The latest on evolution from the Vatican
A recently published statement on current scientific knowledge on cosmic evolution and biological evolution from the Pontifical Academy of Sciences concludes: "The extraordinary progress in our understanding of evolution and the place of man in nature should be shared with everyone. ... Furthermore, scientists have a clear responsibility to contribute to the quality of education, especially as regards the subject of evolution." The statement appears in the proceedings of "Scientific Insights into the Evolution of the Universe and of Life," a plenary session of the Pontifical Academy of Sciences held from October 31 to November 4, 2008.
Nobel laureate Christian de Duve summarized the plenary session: "The participants unanimously accepted as indisputable the affirmation that the Universe, as well as life within it, are the products of long evolutionary histories," noting that there was also wide agreement among the participants on the common ancestry of life on earth. "Evolution," he added, "has acquired the status of established fact. In the words of His Holiness John Paul II, it is 'more than a hypothesis'." The centrality of natural selection to evolution was also recognized, although de Duve acknowledged "the need to refine some of the conceptual bases" of natural selection "in the light of recent findings."
"On the other hand," De Duve added, "no one, at least among the scientists, defended the recently advocated theory of 'intelligent design' ... Several of the arguments cited in support of this theory were shown to ignore recent findings. In particular, the theory was rejected as intrinsically non-disprovable, resting, as it does, on the a priori contention, neither provable nor disprovable, that certain events cannot be naturally explained. These views did not satisfy some theologians who stressed the role of design in creation, an affirmation which, in turn, raised the questions of where and how design is manifested. The issue was not settled during the meeting."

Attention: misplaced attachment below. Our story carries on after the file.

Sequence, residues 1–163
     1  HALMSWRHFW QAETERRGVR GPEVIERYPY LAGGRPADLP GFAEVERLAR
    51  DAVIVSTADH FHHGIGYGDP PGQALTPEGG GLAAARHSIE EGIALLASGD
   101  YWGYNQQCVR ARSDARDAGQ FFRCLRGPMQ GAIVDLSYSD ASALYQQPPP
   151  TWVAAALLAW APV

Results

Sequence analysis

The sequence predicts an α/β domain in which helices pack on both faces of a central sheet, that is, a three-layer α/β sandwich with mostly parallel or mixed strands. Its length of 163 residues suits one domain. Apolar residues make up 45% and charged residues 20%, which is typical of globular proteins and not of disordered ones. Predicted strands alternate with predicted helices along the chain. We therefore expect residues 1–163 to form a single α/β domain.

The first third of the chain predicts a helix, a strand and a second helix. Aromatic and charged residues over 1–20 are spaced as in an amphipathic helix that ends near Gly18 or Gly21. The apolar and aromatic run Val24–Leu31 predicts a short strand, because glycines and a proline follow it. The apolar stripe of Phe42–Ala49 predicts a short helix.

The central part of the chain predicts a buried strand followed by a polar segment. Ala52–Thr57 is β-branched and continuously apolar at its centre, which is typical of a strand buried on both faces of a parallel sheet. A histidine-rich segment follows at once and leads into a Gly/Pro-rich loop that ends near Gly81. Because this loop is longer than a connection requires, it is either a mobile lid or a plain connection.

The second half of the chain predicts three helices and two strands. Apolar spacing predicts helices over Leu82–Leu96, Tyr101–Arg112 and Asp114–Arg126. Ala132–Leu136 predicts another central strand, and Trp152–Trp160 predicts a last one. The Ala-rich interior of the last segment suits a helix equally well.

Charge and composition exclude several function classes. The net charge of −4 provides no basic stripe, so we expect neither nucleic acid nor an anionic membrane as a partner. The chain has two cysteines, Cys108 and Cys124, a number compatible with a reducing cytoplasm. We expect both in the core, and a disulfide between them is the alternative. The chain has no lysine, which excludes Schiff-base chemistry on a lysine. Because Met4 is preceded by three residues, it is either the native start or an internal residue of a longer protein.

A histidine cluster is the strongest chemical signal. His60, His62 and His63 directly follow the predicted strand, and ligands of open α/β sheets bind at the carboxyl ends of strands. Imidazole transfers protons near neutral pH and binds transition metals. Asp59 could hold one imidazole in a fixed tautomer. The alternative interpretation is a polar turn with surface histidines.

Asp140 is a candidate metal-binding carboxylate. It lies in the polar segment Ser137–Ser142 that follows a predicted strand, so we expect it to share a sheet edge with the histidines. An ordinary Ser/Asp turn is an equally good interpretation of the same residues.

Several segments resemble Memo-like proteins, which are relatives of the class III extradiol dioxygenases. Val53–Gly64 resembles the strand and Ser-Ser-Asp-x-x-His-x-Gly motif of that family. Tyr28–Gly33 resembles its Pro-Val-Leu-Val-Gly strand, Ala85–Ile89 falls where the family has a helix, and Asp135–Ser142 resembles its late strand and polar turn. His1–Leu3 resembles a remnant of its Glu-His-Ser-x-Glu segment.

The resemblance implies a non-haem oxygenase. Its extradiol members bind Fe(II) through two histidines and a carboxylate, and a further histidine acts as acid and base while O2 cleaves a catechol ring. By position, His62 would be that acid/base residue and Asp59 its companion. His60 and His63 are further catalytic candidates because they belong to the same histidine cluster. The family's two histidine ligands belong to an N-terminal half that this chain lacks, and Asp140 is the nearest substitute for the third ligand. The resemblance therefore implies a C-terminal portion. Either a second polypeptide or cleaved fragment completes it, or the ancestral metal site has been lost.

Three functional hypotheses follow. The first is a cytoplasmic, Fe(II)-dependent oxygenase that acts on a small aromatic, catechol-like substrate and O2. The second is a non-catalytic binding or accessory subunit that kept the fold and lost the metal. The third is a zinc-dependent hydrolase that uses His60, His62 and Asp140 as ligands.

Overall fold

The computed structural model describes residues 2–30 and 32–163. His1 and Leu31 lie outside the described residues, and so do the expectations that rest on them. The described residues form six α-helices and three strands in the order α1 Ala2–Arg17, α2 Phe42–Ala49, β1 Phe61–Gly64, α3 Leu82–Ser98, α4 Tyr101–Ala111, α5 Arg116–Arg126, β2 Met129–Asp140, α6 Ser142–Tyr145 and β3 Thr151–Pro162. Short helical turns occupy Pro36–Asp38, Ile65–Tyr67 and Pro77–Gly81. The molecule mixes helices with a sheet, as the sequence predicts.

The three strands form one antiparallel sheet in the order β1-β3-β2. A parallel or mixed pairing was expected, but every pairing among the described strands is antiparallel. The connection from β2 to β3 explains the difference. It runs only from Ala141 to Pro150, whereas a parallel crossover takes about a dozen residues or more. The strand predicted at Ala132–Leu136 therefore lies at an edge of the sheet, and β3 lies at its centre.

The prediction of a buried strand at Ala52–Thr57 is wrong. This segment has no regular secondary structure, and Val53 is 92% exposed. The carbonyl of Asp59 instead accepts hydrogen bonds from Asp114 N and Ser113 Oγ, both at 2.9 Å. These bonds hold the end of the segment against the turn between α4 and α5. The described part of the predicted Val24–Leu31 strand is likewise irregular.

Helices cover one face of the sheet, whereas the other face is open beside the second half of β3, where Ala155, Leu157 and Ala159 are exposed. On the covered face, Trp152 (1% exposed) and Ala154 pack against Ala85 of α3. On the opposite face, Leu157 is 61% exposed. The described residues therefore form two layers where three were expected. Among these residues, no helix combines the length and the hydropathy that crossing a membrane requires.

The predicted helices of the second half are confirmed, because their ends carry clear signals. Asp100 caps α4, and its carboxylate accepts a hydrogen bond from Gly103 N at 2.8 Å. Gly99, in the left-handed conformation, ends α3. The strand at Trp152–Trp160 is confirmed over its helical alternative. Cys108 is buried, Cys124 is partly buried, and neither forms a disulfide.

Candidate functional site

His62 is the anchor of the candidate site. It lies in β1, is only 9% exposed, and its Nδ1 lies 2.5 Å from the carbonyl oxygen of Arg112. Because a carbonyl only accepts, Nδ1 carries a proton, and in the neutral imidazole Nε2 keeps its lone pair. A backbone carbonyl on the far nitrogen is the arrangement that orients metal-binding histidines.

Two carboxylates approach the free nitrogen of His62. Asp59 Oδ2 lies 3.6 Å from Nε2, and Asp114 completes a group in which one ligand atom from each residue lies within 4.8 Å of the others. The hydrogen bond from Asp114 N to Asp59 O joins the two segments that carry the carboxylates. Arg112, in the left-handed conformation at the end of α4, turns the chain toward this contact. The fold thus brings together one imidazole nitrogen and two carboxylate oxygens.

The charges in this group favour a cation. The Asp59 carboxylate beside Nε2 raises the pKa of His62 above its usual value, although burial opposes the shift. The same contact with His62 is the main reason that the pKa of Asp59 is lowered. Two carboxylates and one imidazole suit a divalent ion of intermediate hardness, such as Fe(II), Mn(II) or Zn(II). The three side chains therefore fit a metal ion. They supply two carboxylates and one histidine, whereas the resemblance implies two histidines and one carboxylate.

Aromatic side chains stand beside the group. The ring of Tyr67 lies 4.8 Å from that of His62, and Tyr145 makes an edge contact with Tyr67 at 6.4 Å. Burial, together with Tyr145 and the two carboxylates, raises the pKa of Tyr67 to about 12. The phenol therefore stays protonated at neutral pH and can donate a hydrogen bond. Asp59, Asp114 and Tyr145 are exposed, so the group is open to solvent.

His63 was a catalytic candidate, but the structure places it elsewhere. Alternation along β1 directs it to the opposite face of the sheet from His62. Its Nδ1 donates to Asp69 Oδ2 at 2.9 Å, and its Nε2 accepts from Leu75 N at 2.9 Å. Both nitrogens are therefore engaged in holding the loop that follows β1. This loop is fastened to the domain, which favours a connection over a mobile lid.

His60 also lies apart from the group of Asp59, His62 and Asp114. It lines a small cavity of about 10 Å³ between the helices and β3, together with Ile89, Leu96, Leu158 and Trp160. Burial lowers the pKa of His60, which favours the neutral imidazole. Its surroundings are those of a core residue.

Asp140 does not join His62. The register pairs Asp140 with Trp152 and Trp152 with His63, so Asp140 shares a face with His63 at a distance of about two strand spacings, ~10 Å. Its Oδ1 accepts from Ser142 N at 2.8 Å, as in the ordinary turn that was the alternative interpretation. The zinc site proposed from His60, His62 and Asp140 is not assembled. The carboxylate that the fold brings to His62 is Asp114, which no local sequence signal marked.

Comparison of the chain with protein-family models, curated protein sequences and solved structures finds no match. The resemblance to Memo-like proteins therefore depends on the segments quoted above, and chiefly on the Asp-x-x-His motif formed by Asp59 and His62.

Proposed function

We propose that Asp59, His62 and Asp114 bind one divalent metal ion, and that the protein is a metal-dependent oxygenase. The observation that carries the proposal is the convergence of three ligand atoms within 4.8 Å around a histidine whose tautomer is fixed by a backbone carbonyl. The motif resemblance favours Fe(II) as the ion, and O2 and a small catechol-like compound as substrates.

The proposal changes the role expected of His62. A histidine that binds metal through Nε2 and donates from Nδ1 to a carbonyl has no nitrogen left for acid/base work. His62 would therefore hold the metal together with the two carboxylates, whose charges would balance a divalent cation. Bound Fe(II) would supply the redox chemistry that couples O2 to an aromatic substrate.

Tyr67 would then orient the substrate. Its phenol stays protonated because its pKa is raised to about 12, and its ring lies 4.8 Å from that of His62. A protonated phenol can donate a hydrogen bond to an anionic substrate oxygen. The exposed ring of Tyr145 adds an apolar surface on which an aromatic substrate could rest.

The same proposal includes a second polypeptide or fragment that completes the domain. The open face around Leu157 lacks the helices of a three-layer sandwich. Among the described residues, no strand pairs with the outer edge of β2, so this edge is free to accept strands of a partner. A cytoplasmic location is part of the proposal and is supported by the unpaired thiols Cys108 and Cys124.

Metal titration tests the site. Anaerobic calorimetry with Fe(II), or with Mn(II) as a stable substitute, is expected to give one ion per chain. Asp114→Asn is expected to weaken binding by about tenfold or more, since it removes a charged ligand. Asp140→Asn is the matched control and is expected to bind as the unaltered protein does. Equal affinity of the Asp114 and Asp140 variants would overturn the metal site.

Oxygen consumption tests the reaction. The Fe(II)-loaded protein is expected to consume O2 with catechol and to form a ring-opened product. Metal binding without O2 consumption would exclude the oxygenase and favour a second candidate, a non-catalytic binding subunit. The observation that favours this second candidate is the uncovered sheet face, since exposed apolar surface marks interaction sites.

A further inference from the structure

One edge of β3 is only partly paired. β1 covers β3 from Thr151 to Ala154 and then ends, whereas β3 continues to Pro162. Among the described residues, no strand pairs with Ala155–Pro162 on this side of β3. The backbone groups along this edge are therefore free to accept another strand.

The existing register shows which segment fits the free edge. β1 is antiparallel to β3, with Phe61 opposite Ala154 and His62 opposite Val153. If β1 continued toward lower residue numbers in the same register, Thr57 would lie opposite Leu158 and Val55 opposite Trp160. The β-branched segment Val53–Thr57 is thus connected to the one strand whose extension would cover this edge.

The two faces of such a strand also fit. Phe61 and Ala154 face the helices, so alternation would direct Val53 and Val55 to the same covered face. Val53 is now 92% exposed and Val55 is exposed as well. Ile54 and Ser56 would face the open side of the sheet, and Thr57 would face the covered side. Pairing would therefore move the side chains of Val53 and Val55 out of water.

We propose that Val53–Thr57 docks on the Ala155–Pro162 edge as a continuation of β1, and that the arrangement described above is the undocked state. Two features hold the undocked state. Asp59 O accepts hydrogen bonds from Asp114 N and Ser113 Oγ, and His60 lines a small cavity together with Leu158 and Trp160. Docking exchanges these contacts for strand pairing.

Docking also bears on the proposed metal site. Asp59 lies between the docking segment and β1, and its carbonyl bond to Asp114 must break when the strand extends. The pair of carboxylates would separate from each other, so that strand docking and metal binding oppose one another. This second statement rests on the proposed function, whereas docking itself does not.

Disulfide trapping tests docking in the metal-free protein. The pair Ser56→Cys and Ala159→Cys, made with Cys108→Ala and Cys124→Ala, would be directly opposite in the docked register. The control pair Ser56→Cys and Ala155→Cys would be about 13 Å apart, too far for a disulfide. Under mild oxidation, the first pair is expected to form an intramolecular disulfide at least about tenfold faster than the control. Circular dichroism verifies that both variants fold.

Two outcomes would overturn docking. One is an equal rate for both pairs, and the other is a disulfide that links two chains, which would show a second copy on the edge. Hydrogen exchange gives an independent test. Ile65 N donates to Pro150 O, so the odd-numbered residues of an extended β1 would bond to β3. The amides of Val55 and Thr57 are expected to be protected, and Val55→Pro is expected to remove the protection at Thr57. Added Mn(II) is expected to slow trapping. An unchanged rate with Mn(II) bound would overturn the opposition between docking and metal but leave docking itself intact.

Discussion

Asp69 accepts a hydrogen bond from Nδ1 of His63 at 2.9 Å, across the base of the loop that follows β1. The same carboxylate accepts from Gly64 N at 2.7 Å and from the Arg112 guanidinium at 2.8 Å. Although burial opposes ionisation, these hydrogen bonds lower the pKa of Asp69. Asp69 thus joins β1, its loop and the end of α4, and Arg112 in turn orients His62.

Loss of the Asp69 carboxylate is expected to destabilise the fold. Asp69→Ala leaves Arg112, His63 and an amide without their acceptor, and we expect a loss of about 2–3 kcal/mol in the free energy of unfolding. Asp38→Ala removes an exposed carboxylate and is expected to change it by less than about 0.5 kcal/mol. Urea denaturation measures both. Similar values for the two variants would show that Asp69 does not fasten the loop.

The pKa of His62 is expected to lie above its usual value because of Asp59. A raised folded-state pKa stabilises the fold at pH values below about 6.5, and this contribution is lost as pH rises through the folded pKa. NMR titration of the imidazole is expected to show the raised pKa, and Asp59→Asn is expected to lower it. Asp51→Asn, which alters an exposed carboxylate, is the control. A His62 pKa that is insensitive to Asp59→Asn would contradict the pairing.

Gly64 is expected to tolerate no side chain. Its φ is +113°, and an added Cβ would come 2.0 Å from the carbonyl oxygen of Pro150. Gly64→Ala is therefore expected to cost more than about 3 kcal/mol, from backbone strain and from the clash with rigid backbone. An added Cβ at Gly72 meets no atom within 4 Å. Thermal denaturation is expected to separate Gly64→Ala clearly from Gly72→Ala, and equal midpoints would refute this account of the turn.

"Intelligent design" was also the topic of Maxine Singer's contribution to the plenary session. Singer traced the history of the antievolution movement in the United States, from Scopes-era attempts to ban the teaching of evolution, through the McLean, Edwards, and Kitzmiller cases, to the present spate of "academic freedom" bills such as Louisiana's, which "permits teachers to speak of evolution as 'controversial' and is an invitation to teachers to present alternative, nonscientific explanations." She added, "The young governor of Louisiana, Bobby Jindal, signed the bill, making it law although he had been a biology major at Brown University."
"Intelligent design is one of the more recent subterfuges used to try to get creationist idea into school science curricula," Singer explained. Its proponents "say their methods are scientific. But they do not describe experiments or systematic observations and do not publish in recognized, peer-reviewed journals." In the face of resistance to evolution exemplified by "creation science" and "intelligent design," Singer concluded, "we are unlikely to convince those who view their religious faith as in fundamental conflict with scientific evolution. ... The most important task for scientists and the only one that has a chance to succeed is assuring that science and evolution are taught properly in school science classes."